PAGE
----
DipLCM in Piano Performance: My Experiences

I almost subtitled this post: ‘Anyone can do a diploma if I can, three days after coming out of hospital, and minus my gallbladder’…

As I think everyone knows by now, I recently sat and passed the DipLCM piano performance diploma (recital option), so I thought it might be of interest to share my experiences with you…it’s a kind of interview yourself type post…

Why did you decide to do a performance diploma?

I guess, there was no ‘need’ to do a performance diploma. Nothing nor nobody requires me to do one, and it won’t directly increase business in any way. I guess that for me, it’s a personal challenge. My education has followed a similar course: I take a course or work towards an exam and expect that to be my limit. I then finish it and pass it, and am curious as to whether I could manage the next level. That’s what happened when I’d finished by undergraduate degree: could I study at postgraduate level? Then, when I’d done that, could I go further…now I’m studying for a PhD (I think that has to be the limit!). I’d done my Grade 8 Piano, and I’d done the DipABRSM in Piano Teaching, so a performance diploma was, I suppose, the next step.

When did you decide to do a performance diploma?

I’ve been looking at performance diplomas for several years, and have had various programmes worked out; as ever, other things (usually ‘life’) get in the way and have to take priority. Then, in March this year, and with encouragement from some good friends, the time seemed right. I promptly entered and paid my fee on the basis there was no pulling out. Then, as ever, the best laid plans went pear-shaped. I spent a week in hospital during the Easter holidays and was left with the prospect of surgery in the next few months which was likely to clash with the exam period. So, the dilemma: do I pull out? I could have withdrawn and entered again next session for half the fee, but I came to the conclusion in the end that I might as well leave things as they were. The date for the diploma came first, the 24th June, then the surgery date for the 19th. I should have been in and out of hospital on the 19th but I ended staying overnight. I literally had no idea until the day of the exam whether I would be fit and pain-free enough to do it, but at least I had three days for final preparations!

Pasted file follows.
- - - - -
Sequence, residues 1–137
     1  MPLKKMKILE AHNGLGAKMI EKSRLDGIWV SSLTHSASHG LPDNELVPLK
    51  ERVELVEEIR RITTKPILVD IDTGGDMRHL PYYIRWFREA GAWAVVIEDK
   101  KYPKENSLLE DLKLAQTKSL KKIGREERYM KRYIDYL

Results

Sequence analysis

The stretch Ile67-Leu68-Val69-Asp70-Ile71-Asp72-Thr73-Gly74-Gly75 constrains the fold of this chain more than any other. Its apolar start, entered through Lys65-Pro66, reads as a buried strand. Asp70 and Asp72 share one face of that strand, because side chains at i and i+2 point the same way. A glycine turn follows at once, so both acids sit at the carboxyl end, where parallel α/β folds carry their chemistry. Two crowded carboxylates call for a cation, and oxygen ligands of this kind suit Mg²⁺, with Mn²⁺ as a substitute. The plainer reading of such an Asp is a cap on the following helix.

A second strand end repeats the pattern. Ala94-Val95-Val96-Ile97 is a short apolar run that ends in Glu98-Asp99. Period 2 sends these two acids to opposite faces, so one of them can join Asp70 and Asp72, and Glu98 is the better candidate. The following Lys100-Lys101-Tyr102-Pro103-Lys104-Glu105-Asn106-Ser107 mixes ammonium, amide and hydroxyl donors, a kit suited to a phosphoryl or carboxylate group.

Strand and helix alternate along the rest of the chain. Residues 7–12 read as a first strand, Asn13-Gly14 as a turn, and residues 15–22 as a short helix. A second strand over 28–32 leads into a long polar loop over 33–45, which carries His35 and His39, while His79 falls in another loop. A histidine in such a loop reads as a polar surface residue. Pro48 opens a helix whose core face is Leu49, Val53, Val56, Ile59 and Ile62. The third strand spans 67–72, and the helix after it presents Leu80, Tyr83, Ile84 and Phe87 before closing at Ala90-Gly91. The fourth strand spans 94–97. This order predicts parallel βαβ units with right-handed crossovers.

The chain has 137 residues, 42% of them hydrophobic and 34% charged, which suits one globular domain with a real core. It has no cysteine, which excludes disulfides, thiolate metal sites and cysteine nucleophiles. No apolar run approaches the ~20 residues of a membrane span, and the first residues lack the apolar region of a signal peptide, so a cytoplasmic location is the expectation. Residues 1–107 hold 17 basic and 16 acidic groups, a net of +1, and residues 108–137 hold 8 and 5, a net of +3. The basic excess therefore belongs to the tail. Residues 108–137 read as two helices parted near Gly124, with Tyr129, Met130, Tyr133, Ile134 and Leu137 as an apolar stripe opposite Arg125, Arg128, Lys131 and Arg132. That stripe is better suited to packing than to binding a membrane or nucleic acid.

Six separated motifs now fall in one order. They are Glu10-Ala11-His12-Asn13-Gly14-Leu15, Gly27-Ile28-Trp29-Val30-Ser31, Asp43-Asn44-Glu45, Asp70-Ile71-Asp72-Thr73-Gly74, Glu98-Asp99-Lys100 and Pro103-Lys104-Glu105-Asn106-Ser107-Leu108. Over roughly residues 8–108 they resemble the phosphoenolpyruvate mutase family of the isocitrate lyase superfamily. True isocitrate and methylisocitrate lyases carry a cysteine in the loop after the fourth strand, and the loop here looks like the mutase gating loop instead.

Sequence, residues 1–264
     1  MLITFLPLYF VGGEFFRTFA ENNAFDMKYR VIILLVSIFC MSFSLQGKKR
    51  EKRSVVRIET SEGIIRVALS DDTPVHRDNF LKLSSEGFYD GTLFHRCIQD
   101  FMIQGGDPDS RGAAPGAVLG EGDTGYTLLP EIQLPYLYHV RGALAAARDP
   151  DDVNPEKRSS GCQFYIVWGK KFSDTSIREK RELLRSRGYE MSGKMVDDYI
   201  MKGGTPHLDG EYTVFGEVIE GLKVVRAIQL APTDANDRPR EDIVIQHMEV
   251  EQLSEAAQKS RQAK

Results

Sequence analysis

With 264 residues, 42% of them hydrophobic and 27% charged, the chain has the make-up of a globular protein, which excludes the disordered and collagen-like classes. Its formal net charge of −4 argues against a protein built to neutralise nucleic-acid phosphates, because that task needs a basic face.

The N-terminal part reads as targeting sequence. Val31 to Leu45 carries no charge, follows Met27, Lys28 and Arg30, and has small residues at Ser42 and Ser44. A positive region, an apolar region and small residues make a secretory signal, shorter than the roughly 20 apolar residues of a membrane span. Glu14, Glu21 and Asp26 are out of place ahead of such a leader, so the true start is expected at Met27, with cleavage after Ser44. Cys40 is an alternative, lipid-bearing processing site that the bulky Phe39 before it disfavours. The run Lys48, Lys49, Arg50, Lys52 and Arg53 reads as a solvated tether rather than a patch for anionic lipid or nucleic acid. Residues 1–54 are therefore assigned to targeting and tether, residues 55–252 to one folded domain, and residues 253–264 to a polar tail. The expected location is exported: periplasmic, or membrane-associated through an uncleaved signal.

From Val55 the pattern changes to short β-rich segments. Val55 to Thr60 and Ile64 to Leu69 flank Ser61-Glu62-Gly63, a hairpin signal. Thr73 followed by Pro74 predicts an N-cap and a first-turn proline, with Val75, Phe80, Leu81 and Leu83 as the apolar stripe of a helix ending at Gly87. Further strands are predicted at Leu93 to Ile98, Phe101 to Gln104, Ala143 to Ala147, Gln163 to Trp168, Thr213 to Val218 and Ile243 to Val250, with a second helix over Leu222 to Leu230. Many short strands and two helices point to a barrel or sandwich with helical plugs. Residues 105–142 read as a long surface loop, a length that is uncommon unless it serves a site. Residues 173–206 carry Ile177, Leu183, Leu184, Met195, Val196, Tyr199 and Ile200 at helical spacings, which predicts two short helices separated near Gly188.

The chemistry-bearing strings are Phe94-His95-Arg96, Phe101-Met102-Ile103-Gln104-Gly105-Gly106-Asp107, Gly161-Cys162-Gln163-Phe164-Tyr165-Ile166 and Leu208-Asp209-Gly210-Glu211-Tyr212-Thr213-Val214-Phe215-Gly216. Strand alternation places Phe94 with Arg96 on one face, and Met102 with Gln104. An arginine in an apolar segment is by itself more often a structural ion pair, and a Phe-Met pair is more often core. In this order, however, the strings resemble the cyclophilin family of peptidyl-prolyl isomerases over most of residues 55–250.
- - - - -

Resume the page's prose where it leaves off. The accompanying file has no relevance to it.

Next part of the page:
How did you decide what to play?

For the DipLCM recital option, you have to select pieces from the syllabus (which is short compared to similar diplomas), but you are allowed one own-choice piece. In addition, one of the pieces had to have been written after 1945. The time allowed was 25-30 minutes. I ended up with the following programme:

1. Debussy: Prélude (from the Suite Bergamasque)
2. Mendelssohn: Duet (from Songs Without Words, Op. 38, No. 6)
3. Jenni Pinnock: Captive (post-1945, own choice)
4. Kabalevsky: Sonatina in C, Op. 13, No. 1 (1930)

I initially had one of the Bach Preludes and Fugues too, but it was pushing the time limit a bit. We forget when programme planning that time is needed between pieces and movements for practical things like changing books over, finding the right page etc.

Generally, I felt my programme was balanced, although it didn’t include the traditional one piece from each musical period. I think at the end of the day, I selected pieces I liked playing!

How did your preparations go?

One of my weaknesses is that I am (not wishing to show off) a pretty good sight-reader. This, as people will tell you, means I can make a pretty good stab at most things and they sound reasonably convincing. This is fine, but clearly not OK when there’s an examiner listening to every note, and who also has the music in front of them. The challenge for me was to really perfect the difficult bits rather than just glossing over them with some invention, extra pedal and improvisation! I have to say, I found this both incredibly challenging, frustratingly dull, but eventually, infinitely rewarding. About two weeks before the exam, I was at the stage of playing the programme through in full about once a day (OK, maybe every few days, and on neither of the days I was in hospital!). Personally, I found this the best way to get it together in the final stages; I think it gets to the point where no amount of working on it will change it at that stage! It was great to have a diploma buddy too (more on that at a later date, as my buddy hasn’t had their diploma yet!).

How did you find the exam?

Thoroughly enjoyable; I was disappointed it ended so quickly. Annoyingly for everyone else, I don’t tend to get nervous on these occasions, and this wasn’t really an exception. I don’t consider myself a performer, and performing doesn’t particularly interest me, but I have always enjoyed playing to other people. The examiner was very friendly and supportive throughout the exam, so it felt relaxed. It wasn’t the very stiff ABRSM response of “Thank you” after each piece, but rather she felt at ease to say things like “Gosh…that must have been exhausting”! This, coupled with the local rep, who was so supportive all the way along made the experience all the more enjoyable.Would you do another one?

Well, I rarely say “never”, but I’m in no hurry to do another performance diploma. I shall enjoy exploring new repertoire, and I expect, eventually, enjoy going back to playing the exam pieces (I’d like to learn the second Kabalevsky Sonatina)!

If you’ve got any questions about my DipLCM experience, I’d be more than happy to answer them. Drop me an email, a Facebook message or a Tweet.